FLASH: Pain is a common problem, so much so, deaths from opioid addiction are at an all-time high, killing an estimated 47,600 Americans in Y 2017.
As of June 2017, opioids became the leading cause of death among Americans under the age of 50.
Notably, massage is just one of many alternative pain treatments that can be helpful.
A systematic review and meta-analysis published in Y 2016 included 60 high-quality and 7 low-quality studies that looked into the use of massage for various types of pain, including muscle and bone pain, headaches, deep internal pain, fibromyalgia and spinal cord pain.
The review reveals massage therapy relieves pain better than getting no treatment at all, and when compared to other pain treatments such as acupuncture and physical therapy, massage therapy still proved beneficial.
Specifically, studies have shown massage therapy can relieve pain associated with the following issues:
•Tension headaches and migraines— In one study, participants who received two 30-min traditional massages for5 weeks reported a decrease in the frequency of migraine attacks compared to controls who did not receive massage therapy. They also had fewer sleep disturbances and testing revealed an increase in serotonin.
In another, the effect of Thai massage which focuses on compression, stretching, pulling and rocking motions7 was assessed on patients with either chronic tension headaches or migraines.
Participants received either ultrasound treatment or 3 Thai massage sessions per week for 3 weeks. Those receiving Thai massage reported an increase in pain pressure threshold, while those in the ultrasound group experienced a decrease. Both groups had a significant reduction in migraine intensity.
•Fibromyalgia — The National Fibromyalgia and Chronic Pain Association recommends massage for fibromyalgia pain, noting it can ease symptoms.9
A systematic review and meta-analysis of 9 randomized controlled trials involving 404 patients looking at the effects of massage therapy for fibromyalgia concluded this, “Massage therapy with duration 5 weeks had beneficial immediate effects on improving pain, anxiety and depression in patients with FM [fibromyalgia]. Massage therapy should be one of the viable complementary and alternative treatments for FM.”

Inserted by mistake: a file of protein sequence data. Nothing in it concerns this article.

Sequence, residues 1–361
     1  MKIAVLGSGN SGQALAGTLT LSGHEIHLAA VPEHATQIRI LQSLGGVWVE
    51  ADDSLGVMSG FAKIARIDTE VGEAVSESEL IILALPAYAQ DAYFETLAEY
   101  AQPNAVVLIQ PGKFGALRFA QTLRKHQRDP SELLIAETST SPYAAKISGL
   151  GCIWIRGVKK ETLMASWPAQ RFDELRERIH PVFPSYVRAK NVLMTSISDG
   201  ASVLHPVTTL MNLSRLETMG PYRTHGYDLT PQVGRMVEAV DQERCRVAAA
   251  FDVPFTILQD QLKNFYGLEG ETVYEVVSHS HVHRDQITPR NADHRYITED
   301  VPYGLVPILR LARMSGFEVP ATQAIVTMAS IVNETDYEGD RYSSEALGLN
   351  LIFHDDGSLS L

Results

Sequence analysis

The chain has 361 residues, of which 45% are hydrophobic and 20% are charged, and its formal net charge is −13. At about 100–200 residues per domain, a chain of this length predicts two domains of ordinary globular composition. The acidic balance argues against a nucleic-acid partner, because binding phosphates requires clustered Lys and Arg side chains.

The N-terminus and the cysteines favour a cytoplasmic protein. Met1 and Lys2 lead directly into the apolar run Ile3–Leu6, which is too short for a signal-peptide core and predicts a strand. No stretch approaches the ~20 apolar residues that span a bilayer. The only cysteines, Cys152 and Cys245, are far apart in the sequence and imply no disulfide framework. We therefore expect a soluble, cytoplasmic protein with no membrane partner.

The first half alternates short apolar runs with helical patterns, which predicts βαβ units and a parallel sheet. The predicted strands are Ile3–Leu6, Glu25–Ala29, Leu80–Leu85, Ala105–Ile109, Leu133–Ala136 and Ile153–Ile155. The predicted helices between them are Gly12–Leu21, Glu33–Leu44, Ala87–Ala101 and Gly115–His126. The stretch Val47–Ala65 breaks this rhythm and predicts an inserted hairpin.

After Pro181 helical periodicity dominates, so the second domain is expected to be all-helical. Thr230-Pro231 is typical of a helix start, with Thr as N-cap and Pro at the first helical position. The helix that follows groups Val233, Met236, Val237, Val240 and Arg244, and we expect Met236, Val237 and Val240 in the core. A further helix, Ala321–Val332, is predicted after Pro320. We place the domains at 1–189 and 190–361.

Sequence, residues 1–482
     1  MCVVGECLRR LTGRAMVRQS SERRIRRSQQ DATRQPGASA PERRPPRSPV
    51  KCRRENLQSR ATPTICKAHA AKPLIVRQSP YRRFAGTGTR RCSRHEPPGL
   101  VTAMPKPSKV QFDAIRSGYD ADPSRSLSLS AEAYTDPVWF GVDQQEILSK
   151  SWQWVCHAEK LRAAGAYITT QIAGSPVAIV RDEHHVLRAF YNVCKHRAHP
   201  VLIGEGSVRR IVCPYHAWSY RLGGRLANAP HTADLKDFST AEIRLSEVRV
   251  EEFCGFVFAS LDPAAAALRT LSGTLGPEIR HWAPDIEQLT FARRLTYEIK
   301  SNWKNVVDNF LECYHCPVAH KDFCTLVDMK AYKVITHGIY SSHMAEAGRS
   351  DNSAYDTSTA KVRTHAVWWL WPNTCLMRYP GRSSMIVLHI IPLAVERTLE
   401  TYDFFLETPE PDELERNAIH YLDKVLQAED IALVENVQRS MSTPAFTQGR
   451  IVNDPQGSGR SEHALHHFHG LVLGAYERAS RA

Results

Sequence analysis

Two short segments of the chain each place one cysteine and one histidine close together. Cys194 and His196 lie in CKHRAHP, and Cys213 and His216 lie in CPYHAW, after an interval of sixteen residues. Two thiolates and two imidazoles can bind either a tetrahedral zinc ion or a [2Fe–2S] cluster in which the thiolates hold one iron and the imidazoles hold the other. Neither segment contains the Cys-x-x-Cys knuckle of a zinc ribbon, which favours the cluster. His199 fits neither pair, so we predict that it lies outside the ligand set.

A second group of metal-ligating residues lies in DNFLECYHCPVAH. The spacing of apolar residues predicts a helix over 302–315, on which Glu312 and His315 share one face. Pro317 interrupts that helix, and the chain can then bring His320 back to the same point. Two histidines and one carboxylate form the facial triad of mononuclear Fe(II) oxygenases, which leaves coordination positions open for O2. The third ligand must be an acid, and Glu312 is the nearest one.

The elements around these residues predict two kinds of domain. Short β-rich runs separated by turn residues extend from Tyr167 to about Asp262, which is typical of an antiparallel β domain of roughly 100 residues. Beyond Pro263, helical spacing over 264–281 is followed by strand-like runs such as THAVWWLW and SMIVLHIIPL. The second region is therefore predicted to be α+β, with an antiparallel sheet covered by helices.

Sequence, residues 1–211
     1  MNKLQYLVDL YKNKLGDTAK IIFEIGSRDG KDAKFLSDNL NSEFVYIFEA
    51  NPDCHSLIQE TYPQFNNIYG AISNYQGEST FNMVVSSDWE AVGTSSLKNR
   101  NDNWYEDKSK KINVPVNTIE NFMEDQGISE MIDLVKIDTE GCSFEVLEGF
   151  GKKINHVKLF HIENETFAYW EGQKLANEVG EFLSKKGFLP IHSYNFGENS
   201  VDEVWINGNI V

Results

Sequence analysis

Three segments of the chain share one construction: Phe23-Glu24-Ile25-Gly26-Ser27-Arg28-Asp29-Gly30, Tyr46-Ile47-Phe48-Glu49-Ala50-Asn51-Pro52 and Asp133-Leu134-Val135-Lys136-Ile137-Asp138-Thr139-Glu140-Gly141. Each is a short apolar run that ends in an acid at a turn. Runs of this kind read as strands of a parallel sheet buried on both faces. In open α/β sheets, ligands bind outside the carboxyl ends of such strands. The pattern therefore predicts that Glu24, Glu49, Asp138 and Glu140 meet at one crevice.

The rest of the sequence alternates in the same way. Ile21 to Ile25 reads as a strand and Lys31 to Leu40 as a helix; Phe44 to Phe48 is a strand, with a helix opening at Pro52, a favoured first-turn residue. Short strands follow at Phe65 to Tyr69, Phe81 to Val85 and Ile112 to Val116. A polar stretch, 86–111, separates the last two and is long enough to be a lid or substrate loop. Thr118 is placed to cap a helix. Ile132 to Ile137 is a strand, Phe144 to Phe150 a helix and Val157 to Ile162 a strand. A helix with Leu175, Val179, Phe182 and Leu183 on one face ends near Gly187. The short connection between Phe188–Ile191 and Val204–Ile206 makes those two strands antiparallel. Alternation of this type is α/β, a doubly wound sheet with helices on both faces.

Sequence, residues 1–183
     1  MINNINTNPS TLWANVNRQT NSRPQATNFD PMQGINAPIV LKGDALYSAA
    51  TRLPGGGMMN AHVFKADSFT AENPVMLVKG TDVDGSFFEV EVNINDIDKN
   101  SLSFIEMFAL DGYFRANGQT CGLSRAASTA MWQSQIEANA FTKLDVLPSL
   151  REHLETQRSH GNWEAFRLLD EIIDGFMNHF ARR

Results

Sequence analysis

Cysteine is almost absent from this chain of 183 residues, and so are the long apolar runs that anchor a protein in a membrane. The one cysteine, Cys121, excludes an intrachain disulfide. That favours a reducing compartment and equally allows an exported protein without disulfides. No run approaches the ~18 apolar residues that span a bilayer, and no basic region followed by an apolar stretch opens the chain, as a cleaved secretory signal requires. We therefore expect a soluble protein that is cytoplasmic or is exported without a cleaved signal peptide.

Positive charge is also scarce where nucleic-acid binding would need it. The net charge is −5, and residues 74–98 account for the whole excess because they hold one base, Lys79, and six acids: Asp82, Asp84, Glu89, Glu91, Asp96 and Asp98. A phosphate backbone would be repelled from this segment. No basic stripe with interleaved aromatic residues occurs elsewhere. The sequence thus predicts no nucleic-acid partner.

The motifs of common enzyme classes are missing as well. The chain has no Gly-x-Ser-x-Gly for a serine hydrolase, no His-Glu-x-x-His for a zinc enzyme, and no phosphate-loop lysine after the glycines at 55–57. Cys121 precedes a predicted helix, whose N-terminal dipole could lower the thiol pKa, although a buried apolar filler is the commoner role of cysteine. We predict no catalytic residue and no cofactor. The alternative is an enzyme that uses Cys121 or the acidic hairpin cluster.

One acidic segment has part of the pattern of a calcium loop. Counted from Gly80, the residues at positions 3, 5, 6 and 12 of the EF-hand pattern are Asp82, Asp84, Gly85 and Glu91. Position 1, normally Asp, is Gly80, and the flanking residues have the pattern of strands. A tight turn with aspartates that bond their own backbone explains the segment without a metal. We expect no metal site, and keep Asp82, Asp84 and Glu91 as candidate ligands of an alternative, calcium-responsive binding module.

•Cancer pain — According to the Australian Cancer Council,1 massage therapy can be helpful for relieving side effects associated with conventional cancer treatment, citing evidence showing massage can reduce pain, fatigue, nausea, anxiety and depression in cancer patients.
The Council notes that while some worry cancer may spread through massage, such fears are unfounded, and light massage “can safely be given to people at all stages of cancer,” as “the circulation of lymph from massage or other movement does not cause cancer to spread.”
A scientific paper discussing massage therapy for cancer patients published in Current Oncology in Y 2007 also noted that massage is “very safe” and that “complications are rare … Adverse effects were associated mainly with massage delivered by laypeople and with techniques other than Swedish massage.”
One of the largest observational studies on massage and cancer was done at the Memorial Sloan-Kettering Cancer Center in New York City, which evaluated symptom scores for pain, fatigue, stress and anxiety, nausea and depression among 1,290 cancer patients. Patients had the option of 3 styles of massage: Swedish, light touch and foot massage. Findings revealed “Symptom scores declined in severity by approximately 50%. Swedish and light touch massage were found to be superior to foot massage.”
•Back pain — A number of studies also support the use of massage for back pain. Among them are the following:
◦A 2017 study reported that 49.4% of patients with persistent lower back pain who received 10 massage sessions over a 12-week period were clinically improved at 12 weeks, and of those, 75% were still clinically improved at 24 weeks.1
◦A 2011 study1 concluded massage therapy (one hour of weekly sessions for 10 weeks) “may be effective for treatment of chronic back pain, with benefits lasting at least six months.” Both relaxation and structural massage were helpful, providing about the same amount of benefit.
◦A 2016 study1 evaluating the effect of Thai massage on patients with upper back pain lasting at least three months found the treatment significantly decreased muscle tension and pain intensity at the end of the treatment session.
◦A 2016 meta-analysis by the Cochrane Library looking at 25 trials, a majority of which were funded by nonprofit organizations, concluded massage was better than inactive controls for acute, sub-acute and chronic low back pain. When it came to function, massage was effective for sub-acute and chronic pain but not acute cases.
◦A 2007 study found patients who had low back pain for at least 6 months who received 30-min massages 2X a week for 5 weeks reported less pain, depression, anxiety and sleep disturbance than controls who received relaxation therapy instead.
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